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A low-performing virtual charter school seeks permission to grow

Should a charter school that’s performed poorly be allowed to grow?

That’s the question State Board of Education (SBE) member James Ford asked Wednesday during a board discussion about N.C. Virtual Academy’s (NCVA) request to increase its enrollment by 20 percent next school year.

“My primary concern is, until something has proven to be successful, why do you want to expand it?” Ford said in an interview.

NCVA, one of the state’s two virtual charter schools, currently enrolls 2,425 students. It wants to increase enrollment by 20 percent – 485 students — despite receiving a “D” on the state’s school grading system the past three years.

Students attending NCVA have never met academic growth goals. The school is also on the state’s list of continually low-performing schools.

The SBE is expected to vote on the NCVA request when it meets this morning.

NCVA and N.C. Connections Academy opened their doors in 2015. Neither school has performed well.

Under the pilot legislation that created them, enrollment was capped at 1,500 students the first year.

After the initial year, both schools were allowed to grow by 20 percent a year up to a maximum student enrollment of 2,592 in the fourth year of the pilot.

Ford’s question about allowing low-performing charter to expand is similar to those asked by critics last year when state lawmakers extended the pilot four years. The pilot now run through the 2022-23 school year.

The pilot legislation that established the schools also gave the SBE the authority to waive the maximum student enrollment threshold, beginning in the fourth year of the school’s operation “if the State Board determines that doing so would be in the best interest of North Carolina students.”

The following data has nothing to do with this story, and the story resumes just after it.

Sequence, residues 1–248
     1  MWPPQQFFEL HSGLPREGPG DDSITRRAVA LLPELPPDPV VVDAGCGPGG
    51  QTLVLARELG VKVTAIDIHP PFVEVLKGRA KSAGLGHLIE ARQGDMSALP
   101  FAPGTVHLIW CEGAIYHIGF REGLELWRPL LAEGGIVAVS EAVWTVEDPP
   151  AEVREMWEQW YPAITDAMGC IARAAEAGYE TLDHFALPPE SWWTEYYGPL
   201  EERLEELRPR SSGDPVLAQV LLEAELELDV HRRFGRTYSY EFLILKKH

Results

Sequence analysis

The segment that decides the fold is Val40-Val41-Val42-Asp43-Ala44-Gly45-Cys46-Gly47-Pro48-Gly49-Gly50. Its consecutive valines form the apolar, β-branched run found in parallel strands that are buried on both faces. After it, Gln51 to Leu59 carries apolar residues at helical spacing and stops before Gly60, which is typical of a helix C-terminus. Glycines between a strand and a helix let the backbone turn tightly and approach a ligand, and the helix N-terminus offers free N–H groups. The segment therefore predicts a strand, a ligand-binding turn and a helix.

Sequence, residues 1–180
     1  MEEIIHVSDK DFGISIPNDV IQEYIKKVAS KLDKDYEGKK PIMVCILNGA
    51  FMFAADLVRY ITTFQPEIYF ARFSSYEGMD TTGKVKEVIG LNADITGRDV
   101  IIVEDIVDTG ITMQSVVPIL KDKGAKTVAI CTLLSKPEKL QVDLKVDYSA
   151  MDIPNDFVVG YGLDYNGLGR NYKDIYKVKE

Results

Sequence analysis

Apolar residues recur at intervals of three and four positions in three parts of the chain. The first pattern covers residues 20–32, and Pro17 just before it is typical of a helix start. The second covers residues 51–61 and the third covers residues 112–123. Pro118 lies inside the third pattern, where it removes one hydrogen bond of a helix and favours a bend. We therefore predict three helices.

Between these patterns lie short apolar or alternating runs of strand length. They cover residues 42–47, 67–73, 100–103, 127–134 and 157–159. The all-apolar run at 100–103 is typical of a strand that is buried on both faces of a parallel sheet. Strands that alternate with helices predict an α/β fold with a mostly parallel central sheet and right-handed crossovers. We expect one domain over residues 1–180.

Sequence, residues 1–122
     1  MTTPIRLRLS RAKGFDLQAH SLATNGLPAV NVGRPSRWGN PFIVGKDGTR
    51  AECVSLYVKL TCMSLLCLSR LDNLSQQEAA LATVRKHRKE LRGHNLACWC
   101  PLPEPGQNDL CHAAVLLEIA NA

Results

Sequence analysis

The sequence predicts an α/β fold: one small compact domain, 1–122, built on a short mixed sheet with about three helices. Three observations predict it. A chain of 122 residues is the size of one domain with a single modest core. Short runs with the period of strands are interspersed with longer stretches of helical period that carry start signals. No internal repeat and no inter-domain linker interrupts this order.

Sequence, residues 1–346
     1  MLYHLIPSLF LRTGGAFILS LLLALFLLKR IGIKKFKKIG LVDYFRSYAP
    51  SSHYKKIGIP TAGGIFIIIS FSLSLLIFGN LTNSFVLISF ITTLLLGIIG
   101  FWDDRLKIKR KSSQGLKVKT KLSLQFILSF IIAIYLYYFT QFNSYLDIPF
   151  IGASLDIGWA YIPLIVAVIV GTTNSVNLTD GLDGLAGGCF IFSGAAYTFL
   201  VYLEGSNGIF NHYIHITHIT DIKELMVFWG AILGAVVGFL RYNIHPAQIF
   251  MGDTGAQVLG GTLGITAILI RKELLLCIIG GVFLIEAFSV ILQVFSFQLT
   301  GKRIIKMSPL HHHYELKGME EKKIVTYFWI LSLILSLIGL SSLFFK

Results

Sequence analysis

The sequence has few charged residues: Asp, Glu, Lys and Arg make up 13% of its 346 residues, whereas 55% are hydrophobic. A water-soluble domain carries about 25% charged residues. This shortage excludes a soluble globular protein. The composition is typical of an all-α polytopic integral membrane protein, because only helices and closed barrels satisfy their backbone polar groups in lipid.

State law also permits low-performing charter schools to grow annually up to 20 percent.

Dave Machado, director of the Office of Charter Schools, offered state law and the fact the schools are part of a pilot program as among the reasons the N.C. Charter School Advisory Board (NCCSAB) unanimously recommended NCVA be allowed to add students.

Machado said the NCCSAB and the Office of Charter School have attempted to treat the two virtual charters the same as traditional charters, which are allowed to grow even if they are deemed low-performing.

But Ford argued that the two virtual charters are not the same as traditional charters because of the experimental nature of the programs.

“They’re in an experimental phase without a proven record of success,” Ford said. “That’s just hard for me to compute.”

Machado acknowledged that charters sometimes struggle in the first five years.

“When they get to five [years] and above … schools that have been around a little longer, their data is much stronger. They understand what they’re doing. They do a better job at it. They make any adjustments they need to make.”

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A low-performing virtual charter school seeks permission to grow